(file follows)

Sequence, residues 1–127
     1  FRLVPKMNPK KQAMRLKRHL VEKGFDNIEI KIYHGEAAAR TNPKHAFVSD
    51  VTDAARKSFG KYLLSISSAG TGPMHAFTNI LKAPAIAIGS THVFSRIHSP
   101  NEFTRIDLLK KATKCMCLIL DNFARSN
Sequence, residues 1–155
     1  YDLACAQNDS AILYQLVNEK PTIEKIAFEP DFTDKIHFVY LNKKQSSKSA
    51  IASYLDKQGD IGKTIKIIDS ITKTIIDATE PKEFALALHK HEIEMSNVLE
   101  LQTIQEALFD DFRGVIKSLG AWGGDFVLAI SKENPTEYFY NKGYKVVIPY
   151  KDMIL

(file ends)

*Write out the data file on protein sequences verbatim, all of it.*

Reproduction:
Sequence, residues 1–127
     1  FRLVPKMNPK KQAMRLKRHL VEKGFDNIEI KIYHGEAAAR TNPKHAFVSD
    51  VTDAARKSFG KYLLSISSAG TGPMHAFTNI LKAPAIAIGS THVFSRIHSP
   101  NEFTRIDLLK KATKCMCLIL DNFARSN
Sequence, residues 1–155
     1  YDLACAQNDS AILYQLVNEK PTIEKIAFEP DFTDKIHFVY LNKKQSSKSA
    51  IASYLDKQGD IGKTIKIIDS ITKTIIDATE PKEFALALHK HEIEMSNVLE
   101  LQTIQEALFD DFRGVIKSLG AWGGDFVLAI SKENPTEYFY NKGYKVVIPY
   151  KDMIL